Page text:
Smart cars? Smart infastructure?, get real. The only ‘smart’ thing to do is ban the sale of all new cars and make it prohibitively expensive for any form of fossil-fueled powered personal transport to exisit. I like that bit at the end about how we all the green energy challenge. Everytime I go outside, all I see is an never-ending stream of stinking gas-powered crap-boxes on an endless quest to get to there favorite big box store. The pitifully few people that are on bikes or walking do so at there peril, as our ‘cars only’ infastrucure is deliberatly designed to make travel by anything other than a car extremely dangerous.

    Since this article is clearly meant for americans, here is something to consider. Amerika cant afford the low-tech cars and low-tech roads you have now. There bankruptting you, as surely as your War-OF-Terror and Gold Plated Military. It follows, that ‘high-tech’ cars and ‘smart road’ are not something you have the money for either. And even if you did, you have more important things to spend in on than an even more complex and expensive system than the one you cant afford now.

    Remember the old joke, if aliens landed today, they would probably assume cars were the dominant life form on Earth. Yes, were allready there.

  2. armageddon51 on Sun, 26th Jun 2011 1:46 am 

    Does M.Ford really think that our crumbling and saturated road system will eventually accommodate 2/4 billions cars ? Really ? Smart cars should be smart enough to tell the driver (and Mr.Ford) … to be more efficient and use “public transportation” instead. Btw I couldn’t find that forbidden term anywhere in his declaration… not surprising.

  3. quadzillajim on Sun, 26th Jun 2011 3:25 am 

    I look forward to the day in the not to distant future when electric cars drive themselves. Less accidents faster commutes.

  4. Grover Lembeck on Sun, 26th Jun 2011 6:36 am 

    “Cars, of course, will always be a major mobility enabler,”

    Of COURSE! From now until the sun goes nova, there will be the cars, enabling mobility. With the help of new, ground up development models, like levittown, which ground up the potato fields of Long Island.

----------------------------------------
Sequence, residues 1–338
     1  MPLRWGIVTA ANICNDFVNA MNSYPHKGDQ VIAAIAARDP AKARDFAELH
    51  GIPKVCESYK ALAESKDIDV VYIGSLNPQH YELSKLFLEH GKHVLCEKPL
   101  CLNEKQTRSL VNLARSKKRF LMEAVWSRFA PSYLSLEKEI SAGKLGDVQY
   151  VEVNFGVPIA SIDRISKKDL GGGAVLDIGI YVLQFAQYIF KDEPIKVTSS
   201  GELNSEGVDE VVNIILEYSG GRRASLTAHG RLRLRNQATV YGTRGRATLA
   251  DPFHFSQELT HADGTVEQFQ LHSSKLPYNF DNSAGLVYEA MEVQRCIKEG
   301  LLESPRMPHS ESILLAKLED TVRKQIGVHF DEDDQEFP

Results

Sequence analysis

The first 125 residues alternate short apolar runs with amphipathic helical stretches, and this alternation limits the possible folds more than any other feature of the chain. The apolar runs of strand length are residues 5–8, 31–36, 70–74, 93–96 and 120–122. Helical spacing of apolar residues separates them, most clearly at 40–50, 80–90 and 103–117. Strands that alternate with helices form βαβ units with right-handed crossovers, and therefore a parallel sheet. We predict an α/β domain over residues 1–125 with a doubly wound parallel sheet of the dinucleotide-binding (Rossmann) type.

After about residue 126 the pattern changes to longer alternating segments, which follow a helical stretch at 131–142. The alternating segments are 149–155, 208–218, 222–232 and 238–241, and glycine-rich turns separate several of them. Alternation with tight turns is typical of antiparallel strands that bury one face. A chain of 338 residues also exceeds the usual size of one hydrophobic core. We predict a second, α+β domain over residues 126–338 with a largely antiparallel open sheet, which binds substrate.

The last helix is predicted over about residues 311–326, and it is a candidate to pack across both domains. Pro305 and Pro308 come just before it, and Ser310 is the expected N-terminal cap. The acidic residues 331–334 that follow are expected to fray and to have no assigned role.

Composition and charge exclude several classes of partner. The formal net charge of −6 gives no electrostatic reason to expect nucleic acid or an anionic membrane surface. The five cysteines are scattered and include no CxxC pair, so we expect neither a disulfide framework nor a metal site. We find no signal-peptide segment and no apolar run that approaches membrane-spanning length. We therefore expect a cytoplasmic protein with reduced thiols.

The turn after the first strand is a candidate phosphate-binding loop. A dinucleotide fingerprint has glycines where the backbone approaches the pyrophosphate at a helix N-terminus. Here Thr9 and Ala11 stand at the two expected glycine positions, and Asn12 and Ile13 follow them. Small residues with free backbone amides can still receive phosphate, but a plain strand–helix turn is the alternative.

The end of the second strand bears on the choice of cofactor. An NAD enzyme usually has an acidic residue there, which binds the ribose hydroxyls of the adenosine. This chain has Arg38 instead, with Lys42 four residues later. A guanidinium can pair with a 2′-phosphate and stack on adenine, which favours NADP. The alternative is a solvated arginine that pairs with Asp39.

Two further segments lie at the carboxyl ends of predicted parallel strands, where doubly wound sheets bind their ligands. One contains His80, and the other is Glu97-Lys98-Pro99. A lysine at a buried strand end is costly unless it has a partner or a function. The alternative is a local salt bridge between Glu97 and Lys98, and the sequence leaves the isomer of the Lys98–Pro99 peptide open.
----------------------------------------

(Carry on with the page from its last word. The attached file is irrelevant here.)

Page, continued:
It’s nice to see an article mention “breakthroughs” and “progress”, though. Don’t see much of that from people with a major controlling interest in a large corporation. Keep on truckin’, William “Bill” Clay Ford, Jr. You’re doing great grandpa proud.

  5. Makati1 on Sun, 26th Jun 2011 7:08 am 

    This s the biggest joke I have heard for a long time. Oil is going the way of the dodo, Natural gas is a blip in the road that will stretch oil’s dying days a bit longer, but nothing else is in the wings that is more than vaporware.

    Just take the million+ miles of paved roads in the US alone. Just to resurface them with a 2″ top coat every 10 years requires 500+ million barrels of oil for the asphalt alone. Double that to cover the fuel for the resurfacing equipment, stone mining, crushing and hauling to the site, labor fuel needs, etc and you are looking at 2 or 3 times that amount. Then there are parking lots, driveways, etc…and let’s not forget the amount of oil to just make a million cars per year to replace the worn out ones. Something like another 50 million barrels.

    Cars are becoming extinct. Personal vehicles will be the first to go. This guy is dreaming and trying to get us to dream with him.